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Nebraska Governor Reverses Decision, State to Accept Federal Funding for Child Nutrition

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Nebraska Governor Jim Pillen made a significant reversal on Monday, announcing that the state will accept approximately $18 million in federal funding aimed at supporting hungry children during the summer break.

Pillen’s decision marks a shift from his stance in December when he initially declared the state’s rejection of the funding, citing his opposition to what he termed as “welfare.” However, mounting pressure, including from members of his own party, compelled him to reconsider.

Speaking at a news conference, Pillen revealed that his change of heart came after meeting with a group of high school students from across Nebraska who shared their experiences of hunger and dependence on the summer USDA program for sustenance. Their testimonies resonated with Pillen, prompting him to reevaluate the state’s stance.

The program in question, known as the Summer Electronic Benefits Transfer for Children (Summer EBT), has been instrumental in providing assistance to low-income families, particularly during the COVID-19 pandemic. It offers pre-loaded EBT cards to eligible families, providing $40 per eligible child for three summer months to purchase groceries.

Critics of Pillen’s initial refusal argued that relying solely on the Summer Food Service Program, which provides on-site meals during school breaks, was insufficient, especially for families in rural areas where access to such sites is limited.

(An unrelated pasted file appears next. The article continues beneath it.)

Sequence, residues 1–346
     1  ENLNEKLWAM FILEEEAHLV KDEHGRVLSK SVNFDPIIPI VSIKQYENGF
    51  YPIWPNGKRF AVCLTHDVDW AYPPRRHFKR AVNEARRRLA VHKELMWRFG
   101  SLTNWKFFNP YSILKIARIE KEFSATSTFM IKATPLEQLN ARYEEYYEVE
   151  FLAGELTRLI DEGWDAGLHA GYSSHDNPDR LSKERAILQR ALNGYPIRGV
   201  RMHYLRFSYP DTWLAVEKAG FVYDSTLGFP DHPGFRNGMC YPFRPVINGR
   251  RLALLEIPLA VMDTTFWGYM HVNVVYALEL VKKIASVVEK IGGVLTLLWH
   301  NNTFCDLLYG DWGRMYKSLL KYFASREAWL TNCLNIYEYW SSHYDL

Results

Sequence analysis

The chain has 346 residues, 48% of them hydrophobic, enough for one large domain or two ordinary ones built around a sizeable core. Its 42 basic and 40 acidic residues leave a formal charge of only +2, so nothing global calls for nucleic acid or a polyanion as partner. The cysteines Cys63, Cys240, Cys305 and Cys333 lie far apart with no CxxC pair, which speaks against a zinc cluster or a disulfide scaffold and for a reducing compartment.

State Senator Jen Day introduced a bill compelling Nebraska to accept the federal funding, garnering bipartisan support. Republican Senator Ray Aguilar, along with two dozen other Republican lawmakers, joined Pillen at Monday’s news conference, signaling unity across party lines on the issue.

Nebraska was among 15 states, all led by Republican governors, that initially opted out of the funding this year. The decision drew comparisons to neighboring Iowa, where Governor Kim Reynolds criticized the federal program’s efficacy in addressing childhood obesity.

However, amidst Pillen’s reversal, Reynolds’ stance remains unclear. Despite declining to comment on the matter, the bipartisan support for accepting the funding reflects a broader consensus on addressing child nutrition issues.

State Senator Megan Hunt, expressing gratitude for Pillen’s decision, highlighted the collective effort in advocating for the funding’s acceptance. She emphasized the importance of bipartisan collaboration in addressing common challenges and utilizing available resources to benefit Nebraskans.

The USDA extended the deadline for states to declare their participation until Thursday, allowing Nebraska to confirm its decision to participate this year. While it remains uncertain if other holdout states will follow suit, the USDA reiterated its commitment to supporting states ready to participate in 2024.

Pillen’s reversal underscores the significance of listening to diverse voices and prioritizing the well-being of vulnerable populations. As Nebraska prepares to avail federal assistance for child nutrition, the decision reflects a proactive approach to addressing pressing societal needs and ensuring equitable access to essential services.

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